Obesity is one of the greatest health risks for children in the United States and, unfortunately, its on the rise. According to the Centers for Disease Control and Prevention, the number of obese children in America has tripled since 1980. To help Rush University Medical Center more effectively address this preventable threat, The Otho S.A. Sprague Memorial Institute has awarded Rush University Medical Center a $230,000 grant to support a first-of-its-kind childhood obesity project at Rush.
Rush plans to use the grant to pilot an 18-month test program, A Combined Biomedical and Psychosocial Approach to Weight Management, led by Cathy Lynn Joyce, MD, PhD, assistant professor in the Department of Pediatrics. In collaboration with an interdisciplinary team, families with children whose weights are rising above the ideal body weight will be assisted in their goal of preventing childhood obesity.
The program will help physicians to better understand the complicated factors that lead to childhood obesity and to develop a concrete protocol for effective behavioral change focusing on the child and their family. Rush is the first medical center to implement a formalized program utilizing an interdisciplinary team of health care professionals coupled with direct family involvement.
In many health care settings, involvement of the family is implied, but not supported. Our goal is to provide assessments, interventions and tools for both the child and family, Joyce said.
The pilot program will run February 2008 through July 2009. The project team will enroll patients from pediatric and adolescent practices at Rush with an economically, racially, ethnically and religiously diverse population of families. The project aims to enroll at least 40 to 50 families, with staff tracking the progress of each patient and family for 12 months. The team from Rush will include pediatricians, nurses, nutrition and fitness specialists, social workers and other specialists whose talents may help each enrolled child and family better address their concerns and achieve a healthier lifestyle.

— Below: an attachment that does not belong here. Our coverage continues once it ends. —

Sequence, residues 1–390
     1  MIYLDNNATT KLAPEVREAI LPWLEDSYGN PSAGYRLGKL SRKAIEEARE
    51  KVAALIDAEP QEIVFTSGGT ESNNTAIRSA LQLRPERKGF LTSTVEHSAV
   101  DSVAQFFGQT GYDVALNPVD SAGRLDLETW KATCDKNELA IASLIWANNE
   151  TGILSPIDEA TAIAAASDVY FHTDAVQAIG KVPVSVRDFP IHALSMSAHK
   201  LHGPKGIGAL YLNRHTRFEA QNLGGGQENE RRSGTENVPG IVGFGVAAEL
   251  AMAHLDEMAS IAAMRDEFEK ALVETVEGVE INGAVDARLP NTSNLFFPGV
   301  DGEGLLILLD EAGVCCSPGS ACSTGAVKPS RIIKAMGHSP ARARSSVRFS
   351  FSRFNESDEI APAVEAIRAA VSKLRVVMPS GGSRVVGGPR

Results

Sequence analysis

The Otho S.A. Sprague Memorial Institute was founded in 1911 by a leading Chicago businessman as a nonprofit foundation with a mandate to pursue the investigation of the cause of disease and the prevention and relief of human suffering in Chicago. Today, this philanthropy is managed by a board of volunteers dedicated to carrying out this goal. For eight years, The Institute has created and funded innovative programs to address and reverse the obesity epidemic. The hallmark of this effort is CLOCC, the Consortium to Lower Obesity in Chicago Children, which now has more than 1,300 participants and is considered a national model. This new grant to Rushs program provides a significant complement to that effort and its clinical practices research.
Support of this childhood obesity reduction project and another grant of nearly $125,000 for an important patient-safety initiative at Rush are but two examples of the ways The Otho S.A. Sprague Memorial Institute continues to carry out its philanthropic mission.
As a Chicago-based philanthropy, The Institute has focused on enabling promising local health and wellness initiatives to develop and replicate. Over the years, Rush and its predecessors have consistently used our grants to achieve our shared vision. We are confident these grants will continue this pattern of significant outcomes that promote health, improve care, and reduce costs through innovation said James N. Alexander, The Institutes Executive Director.
|Contact: Mary Ann Schultz|
Rush University Medical Center